• Kalmia Gardens - ''The Laurel Branch''

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    September 09, 2022

    Welcome to our e-newsletter, "The Laurel Branch."

    Segars-McKinnon Heritage Preserve Trail Closed

    In this edition, we have an important heads up to all of our lovely hikers, walkers, and adventurers: there is a trail closure on the Segars-McKinnon Heritage Preserve. The trail is closed for maintenance, and the closure requires all of our adventurers to choose another path for the time being. We apologize for any inconvenience this closure may cause. We also greatly appreciate your respect for the trails and the time they need to become better for everyone's tomorrow. Additionally, staying on the boardwalks and open paths is very important to the soil's health, and what better time to mention it than now? Soil friability is when normally healthy soil gets overly compacted to the point of losing its air pockets, becoming crumbly and unhealthy for some plants. This is why paths are so important— they help keep our beautiful plants looking their best for us all of us to enjoy time and time again. Happy hiking, and stay safe out there!

    Hidden in plain sight.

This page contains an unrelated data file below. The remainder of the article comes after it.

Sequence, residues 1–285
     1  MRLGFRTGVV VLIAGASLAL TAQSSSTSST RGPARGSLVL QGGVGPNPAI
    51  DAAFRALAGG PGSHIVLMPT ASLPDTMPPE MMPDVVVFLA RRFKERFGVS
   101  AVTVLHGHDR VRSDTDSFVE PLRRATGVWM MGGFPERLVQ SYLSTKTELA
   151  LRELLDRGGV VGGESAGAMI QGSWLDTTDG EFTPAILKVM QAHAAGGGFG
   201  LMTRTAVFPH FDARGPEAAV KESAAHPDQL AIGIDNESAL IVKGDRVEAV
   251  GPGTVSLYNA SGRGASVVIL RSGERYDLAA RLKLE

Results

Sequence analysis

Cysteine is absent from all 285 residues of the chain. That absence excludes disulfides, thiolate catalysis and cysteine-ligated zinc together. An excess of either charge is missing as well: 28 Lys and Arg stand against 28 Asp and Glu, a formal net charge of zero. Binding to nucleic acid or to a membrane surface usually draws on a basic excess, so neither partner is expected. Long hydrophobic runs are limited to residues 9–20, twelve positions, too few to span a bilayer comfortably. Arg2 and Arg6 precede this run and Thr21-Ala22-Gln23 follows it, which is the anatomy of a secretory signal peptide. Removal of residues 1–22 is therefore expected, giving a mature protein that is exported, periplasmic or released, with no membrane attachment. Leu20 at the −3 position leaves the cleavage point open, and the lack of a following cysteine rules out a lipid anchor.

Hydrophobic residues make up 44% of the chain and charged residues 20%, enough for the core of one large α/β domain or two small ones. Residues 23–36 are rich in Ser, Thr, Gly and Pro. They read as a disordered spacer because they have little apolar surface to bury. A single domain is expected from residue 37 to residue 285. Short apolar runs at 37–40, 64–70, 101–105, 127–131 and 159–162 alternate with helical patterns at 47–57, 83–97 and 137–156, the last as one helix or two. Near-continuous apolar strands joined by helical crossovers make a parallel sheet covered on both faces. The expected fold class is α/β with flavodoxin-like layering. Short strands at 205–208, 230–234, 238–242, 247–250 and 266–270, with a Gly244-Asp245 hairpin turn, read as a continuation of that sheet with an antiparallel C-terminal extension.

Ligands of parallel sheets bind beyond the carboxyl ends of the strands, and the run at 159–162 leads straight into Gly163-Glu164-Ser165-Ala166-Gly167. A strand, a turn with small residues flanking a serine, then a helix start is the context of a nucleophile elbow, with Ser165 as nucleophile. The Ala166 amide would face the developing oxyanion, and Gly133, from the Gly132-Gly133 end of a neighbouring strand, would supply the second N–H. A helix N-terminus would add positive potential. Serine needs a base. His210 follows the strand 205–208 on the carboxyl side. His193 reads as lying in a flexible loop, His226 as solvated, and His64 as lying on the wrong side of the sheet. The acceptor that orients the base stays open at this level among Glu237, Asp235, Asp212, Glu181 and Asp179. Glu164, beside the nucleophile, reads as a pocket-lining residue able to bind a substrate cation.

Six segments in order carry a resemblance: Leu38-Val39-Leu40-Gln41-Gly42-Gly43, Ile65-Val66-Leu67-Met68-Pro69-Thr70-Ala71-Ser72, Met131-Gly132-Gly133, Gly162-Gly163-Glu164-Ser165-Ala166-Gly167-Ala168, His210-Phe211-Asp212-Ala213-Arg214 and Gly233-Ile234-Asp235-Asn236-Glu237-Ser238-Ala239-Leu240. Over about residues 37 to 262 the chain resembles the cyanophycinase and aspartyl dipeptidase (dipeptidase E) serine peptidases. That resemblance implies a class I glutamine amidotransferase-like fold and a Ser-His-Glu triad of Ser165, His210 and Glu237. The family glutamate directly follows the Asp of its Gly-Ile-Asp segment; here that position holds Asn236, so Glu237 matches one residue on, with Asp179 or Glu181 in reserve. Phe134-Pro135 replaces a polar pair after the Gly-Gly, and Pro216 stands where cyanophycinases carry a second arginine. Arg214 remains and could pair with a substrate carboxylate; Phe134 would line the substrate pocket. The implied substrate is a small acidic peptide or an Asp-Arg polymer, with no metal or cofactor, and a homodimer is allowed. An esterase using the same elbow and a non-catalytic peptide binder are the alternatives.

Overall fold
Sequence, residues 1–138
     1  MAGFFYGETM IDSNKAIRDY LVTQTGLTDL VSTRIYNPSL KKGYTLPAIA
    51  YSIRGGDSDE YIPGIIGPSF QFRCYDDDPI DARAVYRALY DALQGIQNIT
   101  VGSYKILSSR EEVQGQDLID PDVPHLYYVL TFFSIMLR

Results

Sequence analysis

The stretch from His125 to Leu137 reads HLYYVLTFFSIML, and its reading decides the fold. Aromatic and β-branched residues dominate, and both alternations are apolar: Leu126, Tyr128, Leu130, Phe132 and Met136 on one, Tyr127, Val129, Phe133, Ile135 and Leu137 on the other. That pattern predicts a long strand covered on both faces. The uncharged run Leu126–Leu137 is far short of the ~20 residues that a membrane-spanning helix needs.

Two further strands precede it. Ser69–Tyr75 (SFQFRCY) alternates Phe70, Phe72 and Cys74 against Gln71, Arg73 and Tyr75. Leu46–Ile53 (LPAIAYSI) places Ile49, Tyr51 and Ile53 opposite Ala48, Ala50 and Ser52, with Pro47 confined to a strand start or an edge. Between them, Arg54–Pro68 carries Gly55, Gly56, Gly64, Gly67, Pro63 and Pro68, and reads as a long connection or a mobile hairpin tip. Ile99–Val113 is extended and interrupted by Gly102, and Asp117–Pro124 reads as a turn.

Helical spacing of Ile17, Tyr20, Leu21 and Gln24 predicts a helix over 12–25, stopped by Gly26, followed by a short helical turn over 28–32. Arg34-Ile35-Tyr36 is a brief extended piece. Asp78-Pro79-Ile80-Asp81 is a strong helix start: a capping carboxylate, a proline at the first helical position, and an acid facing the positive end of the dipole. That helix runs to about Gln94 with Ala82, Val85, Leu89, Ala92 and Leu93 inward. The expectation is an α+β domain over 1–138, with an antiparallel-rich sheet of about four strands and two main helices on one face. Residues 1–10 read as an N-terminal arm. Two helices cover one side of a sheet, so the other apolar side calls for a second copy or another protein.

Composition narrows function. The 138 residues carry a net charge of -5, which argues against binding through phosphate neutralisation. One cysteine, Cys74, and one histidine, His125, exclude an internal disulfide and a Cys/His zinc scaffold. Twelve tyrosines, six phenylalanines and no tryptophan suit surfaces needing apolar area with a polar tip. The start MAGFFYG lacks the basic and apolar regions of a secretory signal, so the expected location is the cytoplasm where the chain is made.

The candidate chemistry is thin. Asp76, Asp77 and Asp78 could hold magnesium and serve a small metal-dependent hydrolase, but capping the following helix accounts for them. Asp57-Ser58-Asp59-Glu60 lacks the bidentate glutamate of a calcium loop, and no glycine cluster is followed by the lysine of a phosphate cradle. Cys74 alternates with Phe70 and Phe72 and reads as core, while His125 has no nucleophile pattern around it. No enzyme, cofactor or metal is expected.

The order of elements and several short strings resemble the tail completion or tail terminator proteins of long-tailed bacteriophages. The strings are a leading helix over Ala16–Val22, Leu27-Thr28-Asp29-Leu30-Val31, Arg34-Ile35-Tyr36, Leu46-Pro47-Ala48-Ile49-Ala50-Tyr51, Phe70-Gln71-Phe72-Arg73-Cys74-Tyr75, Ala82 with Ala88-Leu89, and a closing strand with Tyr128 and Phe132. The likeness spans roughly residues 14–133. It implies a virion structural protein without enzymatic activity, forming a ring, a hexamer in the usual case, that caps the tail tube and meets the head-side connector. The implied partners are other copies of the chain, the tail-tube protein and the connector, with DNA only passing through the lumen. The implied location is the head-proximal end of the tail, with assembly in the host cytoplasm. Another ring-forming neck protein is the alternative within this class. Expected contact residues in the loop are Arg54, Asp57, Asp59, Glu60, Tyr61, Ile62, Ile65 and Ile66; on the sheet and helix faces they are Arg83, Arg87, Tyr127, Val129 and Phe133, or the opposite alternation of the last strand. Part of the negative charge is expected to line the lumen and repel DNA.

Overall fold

There is nothing like a cold drink and a snack while you take in the beautiful scenery of Kalmia Gardens, but no one likes to see the remnants of someone else’s snacks lingering where they come to connect with nature. Between forgetfulness and carelessness, trash often ends up far from its rightful place in a garbage or recycling bin. Once left behind, it becomes the duty of the Gardens’ staff, mainly Chris Pierce, to make sure litter does not pollute the wonderful ecosystem at Kalmia. His hard work in keeping the Gardens clean and healthy is a fight that often goes unnoticed until it is left undone. In many ways it is like a ballet: on stage, ballerinas make each move look effortless and dazzling. Behind the scenes, however, they dedicate hours of effort to be able to put on a big smile and make it look like they are not even trying. The same could be said for our tireless trash patrol, making sure the garden gleams no matter which trail you venture down to enjoy the natural beauty. There is a large volume of work done behind the scenes in these beautiful gardens so that the show can go on without a hitch, or in this case, without trash. Ballerinas and the Kalmia team both put in hard work because we love what we do. Making the Gardens a better and more gorgeous place is what we all love here on the Kalmia team, but we could never find every piece of trash left by the wayside. Please give us a hand at our labor of love keeping Kalmia clean and lovely. Make sure trash makes it to where it belongs in the many trash cans all over the Gardens. Together we can keep Kalmia Gardens looking its best for all of our tomorrows.

    The trash pictured above represents one day of collection on the roadside!

    Chris’s Tip